What *is* consumption?

In between visits by my students to office hours today I picked up again Thomas Schelling’s Choice & Consequence and re-read the final essay, ‘The Mind as a Consuming Organ’. Recently I wrote something about this for the FT. It’s such a rich essay – well, I’d be overjoyed to have written any of the essays in the book.

The bit that resonated today was this reflection on consumption:

“Take the rational consumer in economic theory: what is he consuming?

“What do I consume when I purchase The Wizard of Oz? Physically I buy a book or a reel of videotape. But that is a raw material. I ‘consume’ two hours of entertainment. But should I say that, like Dorothy, I consumed a trip to Oz … the adventure, with the risk and poignancy and exceitement and surprise?…

“There is no question but that part of what I get from a two hour movie or two hours with a book is ‘two hours’ worth’ of something…. But do we consume the contents of the story or just the time?”

These were profound questions in the early 1980s, but more so now a high proportion of rich consumers’ expenditure goes on experience goods. The underlying question is what is being maximised when an economic agent maximises their utility – and what are the implications for welfare economics of preference formation over emotions or mental processes. I don’t know the answers, but standard economics will struggle more with ill-defined and relative or fluid preferences than with any number of financial crises.

Imagination and economics

Martin Wolf has always been super-gloomy. In 2016 he really came into his own, as the year delivered him so much to be gloomy about. His latest column in the Financial Times is a great example, ending with a prediction that authoritarian nationalism is centre stage and will change everything about the world order.

The column alludes to Benedict Anderson’s Imagined Communities, so I went back to the book today. I’d underlined this definition of ‘official nationalism’: “An anticipatory strategy adopted by dominant groups which are threatened with exclusion from an emerging nationally-imagined community.” Not so much the left-behinds as the ‘once-aheads, really don’t like their loss of status in a changed nation’.

As Wolf puts it: “[T]he politics of nationalist resentment are not just an upsurge from below. They are a tactic of power-seekers.” He argues that economics is bound to find itself in opposition to official nationalism: “Perhaps the greatest contribution of economics is the idea that societies will gain more from seeking to trade with one another than trying to conquer one another. … The wise relationship between states, therefore, is one of co-operation, not war, and trade, not isolation. This brilliant idea happens to be correct. But it is also counter-intuitive, even disturbing. It means that one might gain more from foreigners than fellow citizens.”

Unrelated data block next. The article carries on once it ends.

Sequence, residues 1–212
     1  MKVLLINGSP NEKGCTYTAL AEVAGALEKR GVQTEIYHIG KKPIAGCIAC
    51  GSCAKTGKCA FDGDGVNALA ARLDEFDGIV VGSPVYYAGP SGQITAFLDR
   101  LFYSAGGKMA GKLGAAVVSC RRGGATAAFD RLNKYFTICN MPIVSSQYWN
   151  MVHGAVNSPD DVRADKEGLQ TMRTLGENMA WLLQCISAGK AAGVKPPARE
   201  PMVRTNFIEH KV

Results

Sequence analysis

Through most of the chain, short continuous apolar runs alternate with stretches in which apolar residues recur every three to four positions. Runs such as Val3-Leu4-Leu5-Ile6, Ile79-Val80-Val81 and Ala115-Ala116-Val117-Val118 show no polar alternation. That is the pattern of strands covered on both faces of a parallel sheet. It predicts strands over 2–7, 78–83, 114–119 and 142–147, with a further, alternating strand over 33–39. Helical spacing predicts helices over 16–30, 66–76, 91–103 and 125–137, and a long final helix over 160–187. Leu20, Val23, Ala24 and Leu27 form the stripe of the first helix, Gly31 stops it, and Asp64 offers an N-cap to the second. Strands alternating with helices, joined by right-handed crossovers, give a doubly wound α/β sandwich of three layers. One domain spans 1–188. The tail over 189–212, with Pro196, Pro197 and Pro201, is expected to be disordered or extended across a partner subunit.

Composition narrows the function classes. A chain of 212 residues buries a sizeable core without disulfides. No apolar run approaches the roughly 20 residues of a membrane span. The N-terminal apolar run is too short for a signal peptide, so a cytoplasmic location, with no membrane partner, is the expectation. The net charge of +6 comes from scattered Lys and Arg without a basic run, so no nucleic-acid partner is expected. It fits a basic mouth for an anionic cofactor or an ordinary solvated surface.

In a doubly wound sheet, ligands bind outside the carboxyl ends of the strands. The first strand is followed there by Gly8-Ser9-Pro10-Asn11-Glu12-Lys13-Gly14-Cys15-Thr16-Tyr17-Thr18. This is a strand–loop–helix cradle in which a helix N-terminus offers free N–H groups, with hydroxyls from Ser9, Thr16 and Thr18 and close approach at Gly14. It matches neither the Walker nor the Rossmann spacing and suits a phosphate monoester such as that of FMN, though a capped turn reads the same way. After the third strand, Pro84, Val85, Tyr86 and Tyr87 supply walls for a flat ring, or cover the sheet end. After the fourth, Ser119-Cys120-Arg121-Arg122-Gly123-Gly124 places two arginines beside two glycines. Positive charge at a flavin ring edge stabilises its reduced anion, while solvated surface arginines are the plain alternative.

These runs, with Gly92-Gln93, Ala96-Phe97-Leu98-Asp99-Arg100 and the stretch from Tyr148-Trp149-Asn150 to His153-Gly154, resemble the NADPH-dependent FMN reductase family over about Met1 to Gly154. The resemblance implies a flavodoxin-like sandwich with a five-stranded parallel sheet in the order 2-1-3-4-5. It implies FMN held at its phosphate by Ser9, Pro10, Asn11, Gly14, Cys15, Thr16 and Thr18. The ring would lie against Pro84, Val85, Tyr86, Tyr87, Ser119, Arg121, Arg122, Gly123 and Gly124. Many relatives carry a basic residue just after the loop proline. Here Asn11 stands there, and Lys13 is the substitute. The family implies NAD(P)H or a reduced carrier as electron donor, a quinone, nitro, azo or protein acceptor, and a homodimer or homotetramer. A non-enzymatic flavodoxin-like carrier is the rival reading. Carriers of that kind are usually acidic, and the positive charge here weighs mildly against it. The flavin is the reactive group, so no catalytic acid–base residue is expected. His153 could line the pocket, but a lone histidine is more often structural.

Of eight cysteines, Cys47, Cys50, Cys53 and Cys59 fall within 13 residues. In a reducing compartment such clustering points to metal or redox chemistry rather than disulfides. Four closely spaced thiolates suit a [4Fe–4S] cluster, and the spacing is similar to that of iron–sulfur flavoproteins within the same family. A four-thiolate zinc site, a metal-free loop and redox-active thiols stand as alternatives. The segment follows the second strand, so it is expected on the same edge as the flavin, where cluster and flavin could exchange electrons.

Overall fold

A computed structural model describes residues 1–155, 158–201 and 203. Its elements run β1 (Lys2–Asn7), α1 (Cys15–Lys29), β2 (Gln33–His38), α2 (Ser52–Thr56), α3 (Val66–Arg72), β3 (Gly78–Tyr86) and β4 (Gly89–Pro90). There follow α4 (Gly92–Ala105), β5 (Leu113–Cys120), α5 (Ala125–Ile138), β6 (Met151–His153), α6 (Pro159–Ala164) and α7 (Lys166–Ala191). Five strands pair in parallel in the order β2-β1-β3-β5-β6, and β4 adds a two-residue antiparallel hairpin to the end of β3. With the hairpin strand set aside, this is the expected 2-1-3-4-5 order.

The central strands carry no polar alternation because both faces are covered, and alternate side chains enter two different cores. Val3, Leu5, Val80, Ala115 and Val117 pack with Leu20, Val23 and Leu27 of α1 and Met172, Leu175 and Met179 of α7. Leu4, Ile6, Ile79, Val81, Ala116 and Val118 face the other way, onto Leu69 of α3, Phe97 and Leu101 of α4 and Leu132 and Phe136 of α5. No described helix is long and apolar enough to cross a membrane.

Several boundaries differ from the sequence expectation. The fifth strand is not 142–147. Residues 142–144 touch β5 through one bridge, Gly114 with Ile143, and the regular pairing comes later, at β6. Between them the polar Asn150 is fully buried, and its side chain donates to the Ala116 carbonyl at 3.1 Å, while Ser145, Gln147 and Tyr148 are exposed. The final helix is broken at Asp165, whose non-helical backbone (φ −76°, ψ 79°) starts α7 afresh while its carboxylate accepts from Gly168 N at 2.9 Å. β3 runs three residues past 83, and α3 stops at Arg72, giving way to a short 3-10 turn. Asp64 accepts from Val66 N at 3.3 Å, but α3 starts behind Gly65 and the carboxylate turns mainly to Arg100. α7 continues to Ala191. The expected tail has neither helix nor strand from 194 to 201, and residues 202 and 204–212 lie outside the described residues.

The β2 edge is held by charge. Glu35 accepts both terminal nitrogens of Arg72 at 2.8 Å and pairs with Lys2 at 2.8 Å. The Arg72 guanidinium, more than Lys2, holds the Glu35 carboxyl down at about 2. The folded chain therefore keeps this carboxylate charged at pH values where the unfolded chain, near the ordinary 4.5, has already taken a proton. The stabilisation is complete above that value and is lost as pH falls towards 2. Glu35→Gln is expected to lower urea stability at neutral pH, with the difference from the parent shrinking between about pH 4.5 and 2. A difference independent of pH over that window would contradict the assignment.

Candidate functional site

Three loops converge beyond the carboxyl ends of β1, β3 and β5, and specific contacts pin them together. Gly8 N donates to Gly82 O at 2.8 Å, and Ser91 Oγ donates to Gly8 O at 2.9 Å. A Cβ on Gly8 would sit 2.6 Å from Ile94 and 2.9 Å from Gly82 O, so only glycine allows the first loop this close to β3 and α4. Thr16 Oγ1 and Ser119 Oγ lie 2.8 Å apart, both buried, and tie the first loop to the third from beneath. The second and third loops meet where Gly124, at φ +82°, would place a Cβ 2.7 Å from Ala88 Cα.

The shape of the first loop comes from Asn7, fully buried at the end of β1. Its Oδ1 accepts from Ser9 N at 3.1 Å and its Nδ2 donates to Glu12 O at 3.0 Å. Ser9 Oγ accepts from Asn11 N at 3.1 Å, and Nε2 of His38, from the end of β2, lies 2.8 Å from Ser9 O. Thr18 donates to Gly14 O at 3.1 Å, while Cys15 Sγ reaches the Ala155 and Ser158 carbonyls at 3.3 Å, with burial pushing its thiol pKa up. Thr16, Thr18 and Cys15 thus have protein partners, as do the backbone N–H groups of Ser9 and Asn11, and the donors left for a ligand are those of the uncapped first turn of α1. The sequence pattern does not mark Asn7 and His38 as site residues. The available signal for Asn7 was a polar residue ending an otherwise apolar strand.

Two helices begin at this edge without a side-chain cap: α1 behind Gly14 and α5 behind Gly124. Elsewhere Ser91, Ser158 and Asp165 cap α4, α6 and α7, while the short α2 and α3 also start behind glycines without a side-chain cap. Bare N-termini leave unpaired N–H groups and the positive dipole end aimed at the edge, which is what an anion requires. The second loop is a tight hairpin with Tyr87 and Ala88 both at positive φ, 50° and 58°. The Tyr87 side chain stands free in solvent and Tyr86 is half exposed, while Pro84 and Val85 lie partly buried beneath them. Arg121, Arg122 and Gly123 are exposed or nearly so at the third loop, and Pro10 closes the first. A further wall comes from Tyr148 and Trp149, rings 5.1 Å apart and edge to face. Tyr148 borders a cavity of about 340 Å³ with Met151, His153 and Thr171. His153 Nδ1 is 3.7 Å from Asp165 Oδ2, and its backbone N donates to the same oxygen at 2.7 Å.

So brace yourselves, fellow economists. The Govian war on experts will continue.


War and inequality

I’ve been distracted for a few days, first by the ASSA conference in Chicago – of which more in the next post – and then by my eldest son’s wedding. But I’m now eager to read a book that has just arrived at Enlightenment Towers, Walter Scheidel’s The Great Leveler: violence and the history of inequality from the Stone Age to the twenty-first century. “Are mass violence and catastrophes the only forces that can seriously decrease economic inequality?” the inside cover blurb starts. The following 450 pages answer: yes. I’m not expecting it to be a cheerful read.


By coincidence, there’s a recent VoxEU column supporting the Great Leveler hypothesis. Looking at Europe’s rich since 1300, Guido Alfani concludes that only the Black Death and world wars have significantly reversed increasing inequality. All this new work follows Thomas Piketty’s raising the question in his tome Capital in the 21st Century. Talk about an unpalatable trade-off.

Joy of data visualizations

Recently Dave Giles linked to an old blog post on his wonderful Econometrics Beat about plotting the data before running regressions. This is a habit drummed into me at an early age but youngsters don’t seem to always do this.

Dave mentions the well-known Edward Tufte books, The Visual Display of Quantitative Information and Envisioning Information. (I think I have the entire Tufte oeuvre.)

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I like Howard Wainer’s books also: Graphic Discovery and Picturing the Uncertain World. I don’t have his latest, Truth or Truthiness: How to Think Like A Data Scientist, and might need to remedy that.

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What to do about the econocracy?

What’s not to like when students of economics are passionate about their subject and engaged in how it should develop? I don’t agree with the authors of The Econocracy and their wider network (Rethinking Economics) about absolutely everything, but heartily applaud their engagement. In fact, I do agree with quite a lot of what they say about the subject and particularly the way it’s taught, which is why I organised a conference on this subject at the Bank of England in early 2012 (here’s the book of the conference papers), and have since been committed to working on the CORE project and its free online textbook The Economy. What’s more, one of the authors of The Econocracy, Cahal Moran, is the TA for my public policy economics course at Manchester. So this is the context for my view of their book.